GROW LIBERIA
INSIGHTS

 

 Tapper at a Rubber Farm

Tapper at a Rubber Farm

Hidden Roles but Visible Value: Women in the Rubber Sector in Liberia

Rubber is widely perceived as a predominately male sector in Liberia. Men are found in highly visible roles as farm owners and tappers and dominate activities that provide better income, such as selling rubber or supervisory positions.

This does not mean, however, that women are absent from the sector.

 RSS Processing at Bright Rubber Farm, Margibi

RSS Processing at Bright Rubber Farm, Margibi

RSS: How rubber processing is bringing profit to an ailing industry

Ribbed Smoked Sheets (RSS) are a semi-processed rubber product most commonly produced in Southeast Asia, but it’s becoming a growing trend in Liberia.

GROW is supporting a handful of entrepreneurs to demonstrate that RSS Processing can bring lucrative returns to investors whilst simultaneously pulling some of Liberia’s poorest people out of poverty.     

 Oil Palm Farm

Oil Palm Farm

Paving the way for an Outgrower Scheme in Liberia’s Oil Palm Sector

Accountable and transparent investments in land have the potential to provide economic opportunities, as well as an increased local tax base and infrastructure funding

 Elizabeth Seka, Cocoa Farmer

Elizabeth Seka, Cocoa Farmer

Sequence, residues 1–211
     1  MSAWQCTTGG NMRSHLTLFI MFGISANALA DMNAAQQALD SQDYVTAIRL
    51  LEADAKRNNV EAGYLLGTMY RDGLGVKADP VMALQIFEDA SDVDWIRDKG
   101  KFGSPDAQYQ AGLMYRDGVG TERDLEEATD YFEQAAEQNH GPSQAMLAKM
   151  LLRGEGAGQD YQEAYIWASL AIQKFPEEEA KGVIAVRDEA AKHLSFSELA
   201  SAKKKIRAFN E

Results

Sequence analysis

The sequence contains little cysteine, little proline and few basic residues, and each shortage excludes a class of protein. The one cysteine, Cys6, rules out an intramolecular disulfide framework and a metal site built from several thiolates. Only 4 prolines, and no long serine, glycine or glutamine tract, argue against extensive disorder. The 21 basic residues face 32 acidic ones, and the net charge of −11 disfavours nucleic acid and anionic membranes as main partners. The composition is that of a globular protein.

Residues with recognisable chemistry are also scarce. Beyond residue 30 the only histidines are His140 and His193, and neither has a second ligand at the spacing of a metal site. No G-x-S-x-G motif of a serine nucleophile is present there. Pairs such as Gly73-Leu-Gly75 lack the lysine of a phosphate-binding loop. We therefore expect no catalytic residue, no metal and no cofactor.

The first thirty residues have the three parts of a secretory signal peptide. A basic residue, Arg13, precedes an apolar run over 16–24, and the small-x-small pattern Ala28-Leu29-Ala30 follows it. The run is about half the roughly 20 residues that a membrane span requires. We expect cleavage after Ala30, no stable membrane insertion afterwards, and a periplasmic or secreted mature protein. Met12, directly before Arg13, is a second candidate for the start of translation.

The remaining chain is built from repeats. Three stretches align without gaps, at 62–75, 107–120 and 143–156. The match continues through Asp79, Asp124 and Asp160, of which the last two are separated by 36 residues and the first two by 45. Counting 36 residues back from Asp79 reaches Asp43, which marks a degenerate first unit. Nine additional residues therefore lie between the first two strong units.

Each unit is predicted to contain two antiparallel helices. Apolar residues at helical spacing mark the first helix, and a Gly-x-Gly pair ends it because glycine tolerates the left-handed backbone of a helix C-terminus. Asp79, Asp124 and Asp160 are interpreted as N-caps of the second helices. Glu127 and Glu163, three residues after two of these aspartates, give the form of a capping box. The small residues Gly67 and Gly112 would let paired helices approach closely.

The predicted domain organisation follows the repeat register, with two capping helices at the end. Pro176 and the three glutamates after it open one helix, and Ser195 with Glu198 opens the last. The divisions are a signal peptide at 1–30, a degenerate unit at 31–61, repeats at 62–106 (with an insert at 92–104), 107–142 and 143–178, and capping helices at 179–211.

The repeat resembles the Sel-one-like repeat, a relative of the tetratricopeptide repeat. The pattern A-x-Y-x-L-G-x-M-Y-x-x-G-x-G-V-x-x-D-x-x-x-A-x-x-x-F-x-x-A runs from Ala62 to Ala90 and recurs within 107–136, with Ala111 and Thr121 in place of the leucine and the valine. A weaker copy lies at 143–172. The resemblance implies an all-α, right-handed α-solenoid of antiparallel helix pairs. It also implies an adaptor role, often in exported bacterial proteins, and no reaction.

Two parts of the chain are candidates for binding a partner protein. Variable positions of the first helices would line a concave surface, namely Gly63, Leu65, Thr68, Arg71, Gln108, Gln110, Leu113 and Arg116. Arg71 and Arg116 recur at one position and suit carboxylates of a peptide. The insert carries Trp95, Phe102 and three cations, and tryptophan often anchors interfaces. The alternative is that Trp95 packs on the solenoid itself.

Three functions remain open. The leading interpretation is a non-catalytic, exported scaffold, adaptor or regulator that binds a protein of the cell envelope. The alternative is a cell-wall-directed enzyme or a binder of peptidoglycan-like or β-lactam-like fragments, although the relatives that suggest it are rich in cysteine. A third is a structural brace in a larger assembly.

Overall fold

Certification: the key to transforming Liberia’s cocoa sector?

Elizabeth Seka, 56, is one of thousands of farmers producing cocoa in the bush around Buutuo. She works with her 16-year old daughter on her two-acre farm. Last year they produced 40 kilos of cocoa, having lost 90 percent of their crop to pests. But that’s not the only problem.

“Everyone suffers from the same problem of no fixed price,” she says. “I do not get a good price for my cocoa sales, only 90 Liberian dollars per kilo.” Elizabeth earned the equivalent of 40 USD last season which is not enough to provide for her seven children. “As well as cocoa I also farm rice to eat as otherwise we do not have food,” she explains. 

Elizabeth’s story is typical among cocoa farmers in Liberia and poverty levels are extremely high. This is due to a market weakened by a lack of regulation and prices that do not consider quality differentiation.